Labrador Sea ocean tides dislodged huge Arctic icebergs thousands of years ago, carrying gigantic ice-rafted debris across the ocean and contributing to the Ice Age’s deep freeze. The study, published in Nature, is the first to suggest that ocean tides contributed to Heinrich events – a phenomenon where colossal discharges of icebergs periodically flowed into the North Atlantic from about 60,000 to 10,000 years ago.
U of T physics professor Jerry Mitrovica, lead author Professor Brian Arbic of Princeton University and a team of researchers used a new computer model that accurately captures current open-ocean tides. They then inputted ice-age simulations of sea-level changes over time. “The results showed that the tides were highest in the Labrador Sea at the same time the Heinrich events occurred,” says Mitrovica. “We can safely assume that the tides played a key role in breaking the ice and launching the icebergs in the ocean.”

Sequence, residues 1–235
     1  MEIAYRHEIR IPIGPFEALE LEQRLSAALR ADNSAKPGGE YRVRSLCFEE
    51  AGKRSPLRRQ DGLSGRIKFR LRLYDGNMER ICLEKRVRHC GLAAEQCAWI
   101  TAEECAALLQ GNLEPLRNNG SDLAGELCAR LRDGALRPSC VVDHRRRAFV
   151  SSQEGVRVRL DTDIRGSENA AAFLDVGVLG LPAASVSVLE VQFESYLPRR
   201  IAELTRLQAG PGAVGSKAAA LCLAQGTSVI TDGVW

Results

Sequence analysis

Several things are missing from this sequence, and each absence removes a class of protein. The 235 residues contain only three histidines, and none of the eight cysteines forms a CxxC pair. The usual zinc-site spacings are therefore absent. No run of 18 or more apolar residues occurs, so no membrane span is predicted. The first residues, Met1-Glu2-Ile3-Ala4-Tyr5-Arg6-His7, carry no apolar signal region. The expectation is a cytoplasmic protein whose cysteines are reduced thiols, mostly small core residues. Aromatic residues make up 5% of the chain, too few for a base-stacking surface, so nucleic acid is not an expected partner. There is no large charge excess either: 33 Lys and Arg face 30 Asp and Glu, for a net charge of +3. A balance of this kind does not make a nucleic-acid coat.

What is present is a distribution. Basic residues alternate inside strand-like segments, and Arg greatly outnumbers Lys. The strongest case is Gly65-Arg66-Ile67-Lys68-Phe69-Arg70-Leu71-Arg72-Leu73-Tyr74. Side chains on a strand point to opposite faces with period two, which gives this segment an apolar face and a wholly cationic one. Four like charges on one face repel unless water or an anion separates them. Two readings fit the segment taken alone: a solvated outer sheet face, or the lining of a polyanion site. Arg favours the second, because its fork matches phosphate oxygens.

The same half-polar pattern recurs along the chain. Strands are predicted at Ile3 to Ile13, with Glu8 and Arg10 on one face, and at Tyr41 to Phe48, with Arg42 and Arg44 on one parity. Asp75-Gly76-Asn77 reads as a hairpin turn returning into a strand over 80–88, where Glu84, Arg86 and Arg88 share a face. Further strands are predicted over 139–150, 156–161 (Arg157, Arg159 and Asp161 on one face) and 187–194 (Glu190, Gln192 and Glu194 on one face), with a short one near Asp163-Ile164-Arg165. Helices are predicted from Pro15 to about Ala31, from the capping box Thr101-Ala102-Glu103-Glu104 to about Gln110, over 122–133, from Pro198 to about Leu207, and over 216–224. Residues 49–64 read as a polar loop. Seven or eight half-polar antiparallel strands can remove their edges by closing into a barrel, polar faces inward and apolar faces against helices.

“These findings provide a link between ocean tides, ice sheets and ocean circulation and a measure of the sensitivity of climate during the last Ice Age,” he says. “This sensitivity is important to understand, because the connection between changes in ocean circulation and future climate remains a matter of great interest.”
A U of T lab is working with actors, writers and directors on how they could harness AI and other emerging technologies to generate new ideas and – just maybe – reinvent theatre